Topping, J.N., Heywood, J.L., Ward, P. and Zubkov, M.V.
Bacterioplankton composition in the Scotia Sea, Antarctica, during the austral summer of 2003
Aquatic Microbial Ecology, 45, (3), .
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Physical ocean processes (ice-melt, island run-off and upwelling of nutrients) were
hypothesised to affect the bacterioplankton composition in the surface mixed layer of the Scotia Sea
during the austral summer of 2003, and this was investigated using flow cytometry and catalysed
reporter deposition fluorescence in situ hybridisation (CARD-FISH) techniques. The bacterioplankton
was composed predominantly of Alphaproteobacteria (PB), comprising SAR11, Roseobacter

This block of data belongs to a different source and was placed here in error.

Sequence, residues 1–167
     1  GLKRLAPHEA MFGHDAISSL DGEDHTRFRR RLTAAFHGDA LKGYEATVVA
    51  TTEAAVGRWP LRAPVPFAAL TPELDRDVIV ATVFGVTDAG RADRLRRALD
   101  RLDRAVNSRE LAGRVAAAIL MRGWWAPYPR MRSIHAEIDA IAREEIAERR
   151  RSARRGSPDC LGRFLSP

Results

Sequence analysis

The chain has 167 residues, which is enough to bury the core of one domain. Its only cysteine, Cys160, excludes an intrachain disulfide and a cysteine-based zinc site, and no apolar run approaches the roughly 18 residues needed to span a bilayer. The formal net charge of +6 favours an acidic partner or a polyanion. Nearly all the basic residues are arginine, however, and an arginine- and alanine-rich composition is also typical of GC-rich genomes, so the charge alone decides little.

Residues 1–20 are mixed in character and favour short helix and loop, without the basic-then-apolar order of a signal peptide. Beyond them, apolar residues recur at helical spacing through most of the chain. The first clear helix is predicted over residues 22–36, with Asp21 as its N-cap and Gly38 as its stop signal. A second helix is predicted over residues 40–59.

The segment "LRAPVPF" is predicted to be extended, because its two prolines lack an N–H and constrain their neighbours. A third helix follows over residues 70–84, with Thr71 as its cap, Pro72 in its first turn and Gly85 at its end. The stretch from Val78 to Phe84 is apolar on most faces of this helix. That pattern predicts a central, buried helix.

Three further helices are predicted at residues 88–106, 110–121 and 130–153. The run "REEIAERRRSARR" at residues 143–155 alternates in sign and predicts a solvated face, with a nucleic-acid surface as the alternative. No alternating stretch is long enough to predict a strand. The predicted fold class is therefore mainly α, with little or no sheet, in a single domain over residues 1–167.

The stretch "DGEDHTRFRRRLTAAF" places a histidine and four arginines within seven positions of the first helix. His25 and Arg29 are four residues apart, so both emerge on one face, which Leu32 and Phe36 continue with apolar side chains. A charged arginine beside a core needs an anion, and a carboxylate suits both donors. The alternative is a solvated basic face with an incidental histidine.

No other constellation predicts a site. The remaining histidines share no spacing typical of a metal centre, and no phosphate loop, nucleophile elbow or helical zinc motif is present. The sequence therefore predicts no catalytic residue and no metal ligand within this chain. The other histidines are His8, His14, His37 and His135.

spp. and SAR116 groups, followed by Sphingobacteria/Flavobacteria and Gammaproteobacteria,
including SAR86. Two distinct bacterioplankton communities were identified, largely based on bacterioplankton
abundance, which varied from 0.3 ± 0.06 × 106 cells ml–1 in the west to 0.8 ± 0.3 × 106
cells ml–1 in the east, and a corresponding difference in SAR11 percentages of 30 ± 15% in the west
compared to 5 ± 5% in the east. The western community was present in waters that were largely in
an over-wintered, pre-bloom condition. The eastern bacterioplankton community was associated
with phytoplankton blooms developed within the eastern Scotia Sea nutrient upwelling zone, where
the Antarctic Circumpolar Current (ACC) encounters the shallow bathymetry associated with the
Scotia Arc, in combination with seasonal ice-melt and island effects that enabled surface water
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